Um, I'd uh... that's an old song. That's like eight years old. That one and 'Black and White People' were both written like eight years ago. And um, that was the same kinda thing. It was like we tried it for the first record but we weren't hitting it. You know, it sounded like a Journey song when we were doing it and we were like 'Let's just get rid of it, let's just scratch it,' and uh, and then on this record we were hanging out in the big room where the piano is, you know, and I was just playing it, and it was just me, and Paul, and Brian, like the original three that had been playing together and the three of us had known this song longer than the guys of matchbox did so we'd been living it forever and then I just started playing it and they started going with it so that the mood of it there we were just like 'there that's it', you know, and we weren't even going to put it on this record and we went and recorded it the next day and we got mad and were like 'Listen to this' and we threw it down and it was like 'Yeah' it just kinda popped up and it made me happy 'cause it's like one of those songs that stays in my little Rolodex forever you know, and until this whole record some of the songs just sit there and it's like a big unfinished to-do list you know and once you get them on a record you can finally take them out and you're like 'Aahhhh', you have more room for something else, so I was so happy to have those two songs on there but that was a uh...
It was a true story, but it happened to me when I was like 17 or 18. You know like I had...I was hitchhiking and I just met this girl and only known her for like a week and um, we stayed at the beach like, because I was hitchhiking at the beach and that's where I'd met her, and then uh... I was going to go back to her house at Tampa and then on the way back in the middle of the night somewhere she just pulled over and was like, 'You know, I don't think this is gonna work,' and she booted me out and it was back to hitchhiking again.
Yeah, it wasn't so bad. You're 17 so everything's kinda like happening not to you. You know, you get out of the car and you're like 'Oh, okay.' And then she drives off.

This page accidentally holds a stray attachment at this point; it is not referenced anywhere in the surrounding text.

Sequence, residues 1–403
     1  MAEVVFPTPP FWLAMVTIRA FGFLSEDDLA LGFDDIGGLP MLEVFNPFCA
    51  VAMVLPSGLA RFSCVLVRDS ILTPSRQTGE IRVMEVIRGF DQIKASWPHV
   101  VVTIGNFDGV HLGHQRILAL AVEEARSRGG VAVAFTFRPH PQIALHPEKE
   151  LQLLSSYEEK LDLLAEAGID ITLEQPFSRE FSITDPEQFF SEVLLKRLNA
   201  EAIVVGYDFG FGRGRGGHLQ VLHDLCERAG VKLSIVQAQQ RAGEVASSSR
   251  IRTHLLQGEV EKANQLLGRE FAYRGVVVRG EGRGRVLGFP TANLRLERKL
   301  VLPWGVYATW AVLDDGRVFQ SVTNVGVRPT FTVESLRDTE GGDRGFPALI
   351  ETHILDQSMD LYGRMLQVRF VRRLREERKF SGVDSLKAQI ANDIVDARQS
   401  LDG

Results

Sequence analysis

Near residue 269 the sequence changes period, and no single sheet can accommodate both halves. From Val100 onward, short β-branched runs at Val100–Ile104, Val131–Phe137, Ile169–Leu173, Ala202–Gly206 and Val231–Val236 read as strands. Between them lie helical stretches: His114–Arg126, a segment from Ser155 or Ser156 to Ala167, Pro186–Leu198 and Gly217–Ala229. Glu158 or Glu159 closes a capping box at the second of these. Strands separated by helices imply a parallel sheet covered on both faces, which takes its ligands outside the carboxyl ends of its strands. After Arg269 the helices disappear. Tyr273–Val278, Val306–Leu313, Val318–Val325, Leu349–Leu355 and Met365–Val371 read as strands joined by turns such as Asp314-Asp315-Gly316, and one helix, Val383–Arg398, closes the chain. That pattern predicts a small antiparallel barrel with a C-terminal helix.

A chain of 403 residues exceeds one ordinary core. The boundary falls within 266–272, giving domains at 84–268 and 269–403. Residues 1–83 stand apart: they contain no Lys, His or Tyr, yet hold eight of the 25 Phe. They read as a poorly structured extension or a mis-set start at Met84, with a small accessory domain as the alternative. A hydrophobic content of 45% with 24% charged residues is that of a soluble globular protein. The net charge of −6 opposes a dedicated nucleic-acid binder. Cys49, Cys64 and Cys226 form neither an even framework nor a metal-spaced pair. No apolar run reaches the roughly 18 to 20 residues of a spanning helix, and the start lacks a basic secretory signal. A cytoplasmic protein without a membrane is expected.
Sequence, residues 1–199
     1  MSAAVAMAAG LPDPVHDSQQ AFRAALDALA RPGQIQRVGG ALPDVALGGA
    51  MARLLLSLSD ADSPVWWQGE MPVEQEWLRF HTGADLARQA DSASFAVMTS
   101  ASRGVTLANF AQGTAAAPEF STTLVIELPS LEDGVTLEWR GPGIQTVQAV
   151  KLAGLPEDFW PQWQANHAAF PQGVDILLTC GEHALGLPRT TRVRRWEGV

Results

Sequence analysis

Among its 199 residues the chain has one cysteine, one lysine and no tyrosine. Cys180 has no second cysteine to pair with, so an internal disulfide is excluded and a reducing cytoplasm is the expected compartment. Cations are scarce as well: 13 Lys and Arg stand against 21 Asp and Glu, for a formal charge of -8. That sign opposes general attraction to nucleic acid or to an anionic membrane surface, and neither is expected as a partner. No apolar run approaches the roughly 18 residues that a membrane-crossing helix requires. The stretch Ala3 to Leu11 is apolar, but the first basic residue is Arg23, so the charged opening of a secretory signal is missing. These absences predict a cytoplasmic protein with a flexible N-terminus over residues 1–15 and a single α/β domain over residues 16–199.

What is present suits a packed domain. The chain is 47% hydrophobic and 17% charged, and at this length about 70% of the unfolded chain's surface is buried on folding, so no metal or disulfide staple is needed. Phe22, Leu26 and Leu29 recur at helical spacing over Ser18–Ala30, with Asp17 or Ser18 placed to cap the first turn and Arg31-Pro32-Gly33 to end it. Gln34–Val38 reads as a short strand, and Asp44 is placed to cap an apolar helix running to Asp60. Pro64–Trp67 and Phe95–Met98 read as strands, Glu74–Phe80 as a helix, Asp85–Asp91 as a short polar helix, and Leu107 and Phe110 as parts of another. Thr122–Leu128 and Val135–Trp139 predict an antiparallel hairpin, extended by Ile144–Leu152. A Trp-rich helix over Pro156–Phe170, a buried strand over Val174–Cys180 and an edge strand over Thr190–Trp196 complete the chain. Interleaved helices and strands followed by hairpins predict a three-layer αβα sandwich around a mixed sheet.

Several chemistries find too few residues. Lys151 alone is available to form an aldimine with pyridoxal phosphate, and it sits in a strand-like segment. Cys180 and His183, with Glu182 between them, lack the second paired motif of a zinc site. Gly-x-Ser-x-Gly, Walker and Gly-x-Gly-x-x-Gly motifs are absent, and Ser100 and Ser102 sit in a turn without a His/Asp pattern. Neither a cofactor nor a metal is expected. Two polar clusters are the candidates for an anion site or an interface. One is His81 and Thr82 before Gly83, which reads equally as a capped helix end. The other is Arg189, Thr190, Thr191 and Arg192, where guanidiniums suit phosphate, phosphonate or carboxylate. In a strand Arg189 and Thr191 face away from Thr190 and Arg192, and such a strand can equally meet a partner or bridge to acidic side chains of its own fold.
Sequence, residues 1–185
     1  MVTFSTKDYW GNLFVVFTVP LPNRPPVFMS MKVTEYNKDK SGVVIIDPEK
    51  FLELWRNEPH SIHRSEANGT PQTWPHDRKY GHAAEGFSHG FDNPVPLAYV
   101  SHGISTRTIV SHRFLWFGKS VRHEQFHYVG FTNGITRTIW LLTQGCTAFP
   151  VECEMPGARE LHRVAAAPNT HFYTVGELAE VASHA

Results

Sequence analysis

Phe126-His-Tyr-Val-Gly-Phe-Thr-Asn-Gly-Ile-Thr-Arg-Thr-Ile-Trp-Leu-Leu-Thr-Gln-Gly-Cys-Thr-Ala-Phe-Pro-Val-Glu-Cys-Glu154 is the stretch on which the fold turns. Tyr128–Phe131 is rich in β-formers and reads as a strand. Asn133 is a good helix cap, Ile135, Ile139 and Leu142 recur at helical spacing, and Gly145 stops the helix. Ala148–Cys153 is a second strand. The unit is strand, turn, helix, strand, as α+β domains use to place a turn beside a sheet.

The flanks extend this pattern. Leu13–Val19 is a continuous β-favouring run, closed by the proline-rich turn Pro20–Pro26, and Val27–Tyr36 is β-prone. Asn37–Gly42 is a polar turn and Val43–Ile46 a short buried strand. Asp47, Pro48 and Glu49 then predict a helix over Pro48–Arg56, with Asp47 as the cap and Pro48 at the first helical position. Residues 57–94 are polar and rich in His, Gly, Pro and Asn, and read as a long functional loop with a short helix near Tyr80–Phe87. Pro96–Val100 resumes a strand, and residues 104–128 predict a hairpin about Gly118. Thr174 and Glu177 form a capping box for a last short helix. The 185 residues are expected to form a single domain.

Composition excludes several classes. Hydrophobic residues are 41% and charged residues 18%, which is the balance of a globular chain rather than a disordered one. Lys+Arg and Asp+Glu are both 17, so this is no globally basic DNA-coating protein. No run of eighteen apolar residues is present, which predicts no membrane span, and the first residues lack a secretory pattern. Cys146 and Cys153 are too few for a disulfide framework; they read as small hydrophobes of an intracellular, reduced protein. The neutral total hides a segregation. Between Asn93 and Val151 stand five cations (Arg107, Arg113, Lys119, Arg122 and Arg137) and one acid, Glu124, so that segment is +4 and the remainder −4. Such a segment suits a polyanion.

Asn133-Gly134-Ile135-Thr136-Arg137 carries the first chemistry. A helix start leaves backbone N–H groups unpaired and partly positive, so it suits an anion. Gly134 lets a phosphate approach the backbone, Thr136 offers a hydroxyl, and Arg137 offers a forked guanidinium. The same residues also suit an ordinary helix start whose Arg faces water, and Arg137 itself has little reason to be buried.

17, things bounce off you.
'...Alright, bye', you know. It works back and forth 'cause either that or everything is life or death. So when it's happened and you're like 'oh..ok..bye' and then you sit down and write a song about it and you're like, [makes voice emotional] 'Hey, she broke my heart.'
Rob Thomas, one more thing, matchbox twenty, known for phenomenal concerts. Last time we saw you here you were at the center with Semisonic.
Yeah, that was a great tour.
Thank you, man.
Are you doing anything differently for this set of warm up tours?
You know I think...just the beauty of it is that..it's...it's so scaled down. We're doing a lot of smaller clubs. I think this is one of the bigger places we're playing on the tour, and this is like a small club you know, compared to the center.
Um, I think that's just the beauty of this you know, we've just taken much as the old record and much of the new record, you know, and last night was spontaneous cover night. You never know what's going to happen. We don't know the covers that we play, but if more than two people know it then we start playing. So last night we played from some of 'Eye of the Tiger' [DJ laughs] and something else and you know, you never know what's going to happen. And that's fun, that's the fun of the club tours, not taking it too seriously, let everyone come in and it's like seeing a bar band, you know, have a few beers and see the band that's there, and we just happen to be the house band that evening, so that's a lot of fun.
And a phenomenal house band you are.
Man, good luck tonight at the American Theatre.
Rob Thomas, sold out show, matchbox twenty.
Great, great to meet you.